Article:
Bachman’s Best – New Warriors


The best thing I read last week was New Warriors vol 5 issue #1. I’ll just say it’s simple and sweet. In 1990 the first comic I bought with my own money was New Warriors vol 1 issue #1, and I was hooked. Not only did it cement me as a lifelong comic fan but it made me a New Warriors fan for life. Marvel has deemed fit to bring back my very favorite super team with some new members and some classic. Lo and behold, I have my Warriors back!

The new group so far appears to only have 2 previous Warriors as members, Vance Astrovik a.k.a. Marvel Boy now know as Justice and the heart of the team, the Masked Marvel himself, Bobbie Baldwin the super kinetic Speedball! At the start of this first issue the team is not together yet so writer Christopher Yost is taking us along to form this new crew so as the series progresses we will get to see the members meet and interact, a lot of them for the first time. I’m so excited.

Bringing Yost’s powerful prose to life is the spectacular Marcus To, honestly you could buy this book just to look especially after David Curiel puts his paint brush down and colors To’s lines. All round fantastic job by the new crew. I loved it. I bought 2 copies. I have a 3rd on the way signed by Marcus Totravelling all the way from Canada to me.

The New Warriors are back baby!


Wednesday’s Webcomic: Strong Female Protagonist


I’ve been wanting to share Strong Female Protagonist for awhile now, but I wanted to wait until the current story arc was resolved since it was such a nail-biter. Strong Female Protagonist can be an incredibly emotionally intense story; best be prepared to sometimes have a powerful cry at your monitor. The comic tells the story of Allison Green, a New York City college student. She’s a pretty average girl who studies for exams, lives in a dorm, and clashes with her professors with one notable exception: she’s a former teen superhero. Super strong and completely invulnerable to harm, Allison publicly unmasked herself and denounced the superhero way of life when she realized she wasn’t really doing anything to actually save the world. She wants to draw attention to fighting poverty, disease, and war, but that’s difficult when everyone’s afraid you will squish them like a bug, old friends are nagging you to get back in the crime-fighting game, and super villains bust into your life to settle old scores. There’s also the question if some mysterious power or shadowy organization has a vested interest in preserving the status quo, and if they are quietly assassinating heroes who are trying to actually make a difference.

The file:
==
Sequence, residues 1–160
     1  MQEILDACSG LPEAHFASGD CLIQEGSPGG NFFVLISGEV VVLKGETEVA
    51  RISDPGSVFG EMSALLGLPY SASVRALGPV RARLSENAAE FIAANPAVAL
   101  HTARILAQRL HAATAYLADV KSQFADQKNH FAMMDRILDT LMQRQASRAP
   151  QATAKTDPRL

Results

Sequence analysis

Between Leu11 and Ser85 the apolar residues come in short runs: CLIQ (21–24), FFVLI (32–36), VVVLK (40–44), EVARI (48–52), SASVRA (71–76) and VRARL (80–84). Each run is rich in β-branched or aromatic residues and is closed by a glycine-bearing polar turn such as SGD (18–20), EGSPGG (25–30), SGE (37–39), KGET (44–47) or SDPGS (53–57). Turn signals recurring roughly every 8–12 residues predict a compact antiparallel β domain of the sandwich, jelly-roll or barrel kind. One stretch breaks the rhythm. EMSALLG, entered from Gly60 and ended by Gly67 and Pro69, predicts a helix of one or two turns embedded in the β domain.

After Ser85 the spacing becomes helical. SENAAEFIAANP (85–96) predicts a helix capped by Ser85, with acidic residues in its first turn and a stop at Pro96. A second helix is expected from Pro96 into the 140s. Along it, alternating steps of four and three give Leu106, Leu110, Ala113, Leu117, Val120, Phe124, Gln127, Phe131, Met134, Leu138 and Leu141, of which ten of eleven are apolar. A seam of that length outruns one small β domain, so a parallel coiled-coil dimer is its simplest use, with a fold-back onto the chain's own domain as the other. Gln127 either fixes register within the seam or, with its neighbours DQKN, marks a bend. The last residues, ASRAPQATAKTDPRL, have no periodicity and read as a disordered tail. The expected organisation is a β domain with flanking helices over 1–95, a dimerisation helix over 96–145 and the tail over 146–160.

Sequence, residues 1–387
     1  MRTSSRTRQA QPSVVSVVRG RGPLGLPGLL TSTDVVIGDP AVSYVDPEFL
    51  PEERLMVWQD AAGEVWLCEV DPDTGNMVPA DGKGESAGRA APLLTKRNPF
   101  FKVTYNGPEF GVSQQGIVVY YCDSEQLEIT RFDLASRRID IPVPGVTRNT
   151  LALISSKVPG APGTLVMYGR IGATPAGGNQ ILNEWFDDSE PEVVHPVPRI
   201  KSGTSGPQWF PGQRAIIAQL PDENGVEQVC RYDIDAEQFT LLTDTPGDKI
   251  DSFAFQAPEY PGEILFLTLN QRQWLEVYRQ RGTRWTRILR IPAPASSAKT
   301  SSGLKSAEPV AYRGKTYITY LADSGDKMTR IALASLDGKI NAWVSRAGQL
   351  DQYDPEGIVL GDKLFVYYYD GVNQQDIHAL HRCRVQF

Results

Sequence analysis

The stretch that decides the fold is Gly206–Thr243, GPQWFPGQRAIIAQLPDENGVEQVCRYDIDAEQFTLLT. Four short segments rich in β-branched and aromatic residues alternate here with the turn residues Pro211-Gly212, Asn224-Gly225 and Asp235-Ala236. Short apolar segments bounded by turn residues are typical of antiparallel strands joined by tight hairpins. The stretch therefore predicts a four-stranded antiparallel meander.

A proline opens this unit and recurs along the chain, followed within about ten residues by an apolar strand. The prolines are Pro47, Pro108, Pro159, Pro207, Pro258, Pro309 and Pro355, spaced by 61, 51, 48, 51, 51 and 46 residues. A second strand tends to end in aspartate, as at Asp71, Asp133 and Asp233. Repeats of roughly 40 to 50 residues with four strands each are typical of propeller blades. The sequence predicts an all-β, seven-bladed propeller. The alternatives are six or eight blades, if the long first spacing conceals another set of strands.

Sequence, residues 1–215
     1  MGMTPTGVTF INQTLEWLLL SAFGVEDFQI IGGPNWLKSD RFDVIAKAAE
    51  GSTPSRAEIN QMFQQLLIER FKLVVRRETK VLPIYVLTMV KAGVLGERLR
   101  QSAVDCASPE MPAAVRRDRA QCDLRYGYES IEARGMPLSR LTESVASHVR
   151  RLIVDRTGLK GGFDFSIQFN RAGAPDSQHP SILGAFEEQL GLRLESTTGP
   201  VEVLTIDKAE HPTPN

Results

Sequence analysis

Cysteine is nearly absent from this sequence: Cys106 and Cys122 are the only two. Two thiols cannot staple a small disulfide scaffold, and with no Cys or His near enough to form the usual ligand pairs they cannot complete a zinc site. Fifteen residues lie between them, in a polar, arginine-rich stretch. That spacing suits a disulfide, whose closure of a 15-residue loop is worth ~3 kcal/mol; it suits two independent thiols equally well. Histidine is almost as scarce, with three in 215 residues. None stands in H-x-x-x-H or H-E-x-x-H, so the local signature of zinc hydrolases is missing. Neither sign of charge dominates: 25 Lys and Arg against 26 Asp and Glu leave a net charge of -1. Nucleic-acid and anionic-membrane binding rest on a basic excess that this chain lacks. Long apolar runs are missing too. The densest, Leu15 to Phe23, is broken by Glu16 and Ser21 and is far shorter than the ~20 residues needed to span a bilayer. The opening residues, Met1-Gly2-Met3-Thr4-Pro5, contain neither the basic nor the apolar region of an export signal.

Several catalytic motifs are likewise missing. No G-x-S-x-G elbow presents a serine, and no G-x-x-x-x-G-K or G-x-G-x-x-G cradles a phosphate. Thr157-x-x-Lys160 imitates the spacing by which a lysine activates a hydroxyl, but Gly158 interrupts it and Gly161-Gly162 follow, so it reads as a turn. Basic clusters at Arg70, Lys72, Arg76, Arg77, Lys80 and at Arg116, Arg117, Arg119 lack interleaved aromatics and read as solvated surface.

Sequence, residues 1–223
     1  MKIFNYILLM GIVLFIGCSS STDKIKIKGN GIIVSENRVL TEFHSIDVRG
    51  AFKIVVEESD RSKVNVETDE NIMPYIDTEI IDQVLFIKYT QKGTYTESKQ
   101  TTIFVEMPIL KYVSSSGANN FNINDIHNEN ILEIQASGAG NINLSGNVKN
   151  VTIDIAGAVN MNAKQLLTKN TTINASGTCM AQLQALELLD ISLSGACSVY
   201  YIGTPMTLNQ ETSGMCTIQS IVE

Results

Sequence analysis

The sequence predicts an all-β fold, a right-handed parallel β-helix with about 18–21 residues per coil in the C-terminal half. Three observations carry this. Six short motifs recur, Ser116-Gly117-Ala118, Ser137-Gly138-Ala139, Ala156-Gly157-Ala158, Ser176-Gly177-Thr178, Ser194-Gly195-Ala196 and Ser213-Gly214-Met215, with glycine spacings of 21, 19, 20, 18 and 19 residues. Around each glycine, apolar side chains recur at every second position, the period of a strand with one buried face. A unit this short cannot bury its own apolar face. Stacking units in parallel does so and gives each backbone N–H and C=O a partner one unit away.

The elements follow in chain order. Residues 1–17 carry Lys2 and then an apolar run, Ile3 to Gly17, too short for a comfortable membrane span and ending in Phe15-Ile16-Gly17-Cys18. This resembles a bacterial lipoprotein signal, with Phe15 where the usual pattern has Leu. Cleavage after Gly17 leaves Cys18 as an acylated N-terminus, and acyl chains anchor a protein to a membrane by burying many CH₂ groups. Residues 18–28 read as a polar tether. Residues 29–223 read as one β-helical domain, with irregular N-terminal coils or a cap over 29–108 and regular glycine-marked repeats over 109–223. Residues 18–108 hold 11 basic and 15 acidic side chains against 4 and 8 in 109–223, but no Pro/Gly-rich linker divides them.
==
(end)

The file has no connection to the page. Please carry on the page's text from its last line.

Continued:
We have to worry about suddenly running into our exes. Alison has to worry about guys like this.

The comic is black and white with gray-scale washes for shading. The characters and art style are more cartoonish than the average mainstream comic book. The anatomical rendering is excellent, with clear actions sequences and intense facial expressions. And I do mean intense. While not a depressing comic by any means, the emotional anguish of the characters at certain points in the story really reaches into your chest and starts pumping your heart for you. The comic has updated biweekly with regularity, and three complete “chapters” have been published.

The Authors and their Other Works:

The duo behind Strong Female Protagonist are writer Brennan Lee Mulligan and artist Molly Ostertag. Mulligan is a filmmaker in addition to being a writer, with some short films available for streaming on his website. Ostertag has created some other comics in print, including a retelling of the true story of Khutulun, the Wresteler Princess, a Mongolian folk hero.

FANS OF WEDNESDAY’S WEBCOMIC: I need your help! I am running out of comics I know of to read. If you are writing or reading a webcomic that you love, please let me know about it so I can read it and maybe recommend it in the GonnaGeek’s new forum!